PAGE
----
Rafale deal and October 10 hearing

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“Love is the only force capable of transforming an enemy into a friend.”

– Martin Luther King (Jr)


The mud is flying over the Rafale deal. The Rafale Jet deal has been a flashpoint between the ruling BJP and the opposition Congress, with the Congress accusing the ruling party of inflating the price of Rafale jets well beyond what they actually cost. While the Congress president Rahul Gandhi and his senior party colleagues remain fixated on the mysterious Rafale Deal and embroiled in accusatory battles with BJP, the ruling party fights back furiously as if it sees a nemesis in that deal for the Prime Minister Narendra Modi in 2019. Senior Congress leader Anand Sharma on Sunday alleged the Rafale fighter jet deal was the “biggest defence purchase scam” of the century and said Prime Minister Narendra Modi was directly answerable. He also said the Congress would press the Comptroller and Auditor General to scrutinise the deal. The United Progressive Alliance (UPA) government could not finalise the contract because of various reasons widely reported then: life-cycle cost issues, Dassault’s refusal to guarantee the HAL-produced aircraft with respect to quality standards, timelines and cost. At the end of the day, Indian Air Force (IAF) is the loser in the ongoing mudslinging over Rafale deal. Nobody will dispute that the IAF needs more firepower. Currently, it has 600 combat aircraft, and 33 active squadrons against a sanctioned strength of 44. But the country faces two implacable foes, on the western and northern borders. Even the Air Force chief BS Dhanoa has defended the government’s Rafale Jet purchase deal, stating that the purchase of Rafale jets and S-400 missile systems was essential to give the Indian Armed Forces a technical edge against its neighbours, and would serve as a deterrent against armed conflict.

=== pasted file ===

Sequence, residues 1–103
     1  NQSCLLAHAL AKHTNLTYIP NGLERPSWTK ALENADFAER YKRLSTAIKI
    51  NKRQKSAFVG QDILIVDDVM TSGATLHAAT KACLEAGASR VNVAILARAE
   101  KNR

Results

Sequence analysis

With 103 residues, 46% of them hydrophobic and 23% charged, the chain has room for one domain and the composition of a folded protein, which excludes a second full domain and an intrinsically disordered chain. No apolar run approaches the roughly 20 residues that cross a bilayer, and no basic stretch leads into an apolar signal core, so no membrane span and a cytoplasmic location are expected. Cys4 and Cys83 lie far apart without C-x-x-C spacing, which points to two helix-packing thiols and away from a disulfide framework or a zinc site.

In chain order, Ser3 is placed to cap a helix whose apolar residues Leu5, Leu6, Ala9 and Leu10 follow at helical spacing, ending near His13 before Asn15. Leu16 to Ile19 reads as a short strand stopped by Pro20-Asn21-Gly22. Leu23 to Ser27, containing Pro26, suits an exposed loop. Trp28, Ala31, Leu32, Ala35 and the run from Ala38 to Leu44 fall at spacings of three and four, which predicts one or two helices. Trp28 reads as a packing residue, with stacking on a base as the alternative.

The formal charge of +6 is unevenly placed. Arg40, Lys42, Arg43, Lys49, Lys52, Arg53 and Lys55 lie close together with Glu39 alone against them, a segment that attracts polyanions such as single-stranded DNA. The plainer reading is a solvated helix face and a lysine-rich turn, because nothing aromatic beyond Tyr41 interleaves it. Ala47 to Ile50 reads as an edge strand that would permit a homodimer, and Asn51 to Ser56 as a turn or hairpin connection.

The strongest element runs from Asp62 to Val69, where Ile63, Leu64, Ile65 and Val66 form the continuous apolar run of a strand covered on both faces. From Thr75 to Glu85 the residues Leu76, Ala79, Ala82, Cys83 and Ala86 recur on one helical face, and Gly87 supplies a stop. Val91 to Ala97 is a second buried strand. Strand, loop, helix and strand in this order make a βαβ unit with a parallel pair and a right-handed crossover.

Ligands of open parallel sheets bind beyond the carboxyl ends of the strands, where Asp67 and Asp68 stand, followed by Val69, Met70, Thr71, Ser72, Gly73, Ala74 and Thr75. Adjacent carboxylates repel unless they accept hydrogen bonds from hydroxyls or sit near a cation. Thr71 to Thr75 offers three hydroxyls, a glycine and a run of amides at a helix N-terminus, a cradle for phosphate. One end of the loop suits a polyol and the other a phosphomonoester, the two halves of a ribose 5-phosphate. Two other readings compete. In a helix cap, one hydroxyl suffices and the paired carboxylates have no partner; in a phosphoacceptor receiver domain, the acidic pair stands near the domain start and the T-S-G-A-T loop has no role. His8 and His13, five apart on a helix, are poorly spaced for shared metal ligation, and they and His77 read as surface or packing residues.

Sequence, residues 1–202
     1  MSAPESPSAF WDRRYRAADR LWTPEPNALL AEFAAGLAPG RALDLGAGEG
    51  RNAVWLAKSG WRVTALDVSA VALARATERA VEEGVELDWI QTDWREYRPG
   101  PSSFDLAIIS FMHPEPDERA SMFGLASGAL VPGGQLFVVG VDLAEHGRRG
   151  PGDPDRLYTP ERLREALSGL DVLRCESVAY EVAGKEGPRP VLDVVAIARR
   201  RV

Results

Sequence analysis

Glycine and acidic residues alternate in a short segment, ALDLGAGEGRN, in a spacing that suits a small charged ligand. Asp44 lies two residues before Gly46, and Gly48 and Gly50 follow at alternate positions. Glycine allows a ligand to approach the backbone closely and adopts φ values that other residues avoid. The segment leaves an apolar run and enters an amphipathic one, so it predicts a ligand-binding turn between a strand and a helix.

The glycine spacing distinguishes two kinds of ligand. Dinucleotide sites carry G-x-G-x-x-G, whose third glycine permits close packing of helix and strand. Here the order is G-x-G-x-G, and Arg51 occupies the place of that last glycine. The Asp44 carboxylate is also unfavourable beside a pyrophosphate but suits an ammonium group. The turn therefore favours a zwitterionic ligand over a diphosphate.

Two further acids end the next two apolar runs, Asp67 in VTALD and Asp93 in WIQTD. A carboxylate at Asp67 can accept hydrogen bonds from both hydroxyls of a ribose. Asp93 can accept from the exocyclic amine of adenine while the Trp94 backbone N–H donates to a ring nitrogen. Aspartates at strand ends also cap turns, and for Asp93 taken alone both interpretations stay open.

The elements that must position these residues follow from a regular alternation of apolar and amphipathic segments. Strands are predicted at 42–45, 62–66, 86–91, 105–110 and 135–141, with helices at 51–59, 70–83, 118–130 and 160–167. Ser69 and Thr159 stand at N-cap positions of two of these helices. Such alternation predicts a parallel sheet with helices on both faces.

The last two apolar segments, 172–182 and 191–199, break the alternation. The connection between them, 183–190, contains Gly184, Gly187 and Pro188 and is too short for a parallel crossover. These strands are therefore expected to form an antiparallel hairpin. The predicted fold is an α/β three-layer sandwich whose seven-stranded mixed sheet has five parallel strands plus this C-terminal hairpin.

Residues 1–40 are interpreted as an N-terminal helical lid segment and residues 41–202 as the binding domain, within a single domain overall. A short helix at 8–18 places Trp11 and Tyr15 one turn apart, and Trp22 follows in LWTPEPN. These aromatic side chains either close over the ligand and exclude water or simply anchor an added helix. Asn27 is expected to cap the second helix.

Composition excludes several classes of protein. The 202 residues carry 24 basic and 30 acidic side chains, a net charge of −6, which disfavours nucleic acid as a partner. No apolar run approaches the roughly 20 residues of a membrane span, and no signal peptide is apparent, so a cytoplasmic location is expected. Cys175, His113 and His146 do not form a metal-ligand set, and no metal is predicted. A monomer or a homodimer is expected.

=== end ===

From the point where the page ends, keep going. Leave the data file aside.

As more and more reports are coming out accusing Prime Minister Modi of playing a role at the selection of the Anil Ambani-led Reliance Defence as against the public sector HAL as the offset partner for the Rafale project, all focus has now shifted to the Supreme Court bench led by the Chief Justice Ranjan Gogoi who will be hearing the PIL filed by one MK Dharma challenging the Rafale deal on October 10. Though the apex court did not grant interim stay on the deal during previous hearing into the PIL, the fact that the petition has been admitted for hearing and the petitioner has been allowed to submit documents, gives enough indication that the judges will go seriously into the ways involving the conclusion of the deal. Involving a private company in the Rafale contract has not been a sudden initiative. The debate on involving the private sector in defence manufacturing has been current, with policies framed and fine tuned periodically. It is recognised that while HAL has capacities that no private sector company can match, it is saturated with work and is criticised for performance shortfalls.

The circumstances under which the offset partner decision was taken at the last minute before the announcement was made by the Prime Minister on April 10, 2015 give enough indication that the decision was taken in a unilateral manner violating the long standing procedures of making such inter-government agreement. More importantly, the Opposition’s unrelenting campaign has affected India’s image, projecting it as a corruption-ridden country where no defence deal can be clean. So in all, the proceedings of the Supreme Court will be scary to the PMO and the Prime Minister apart from the BJP leadership.

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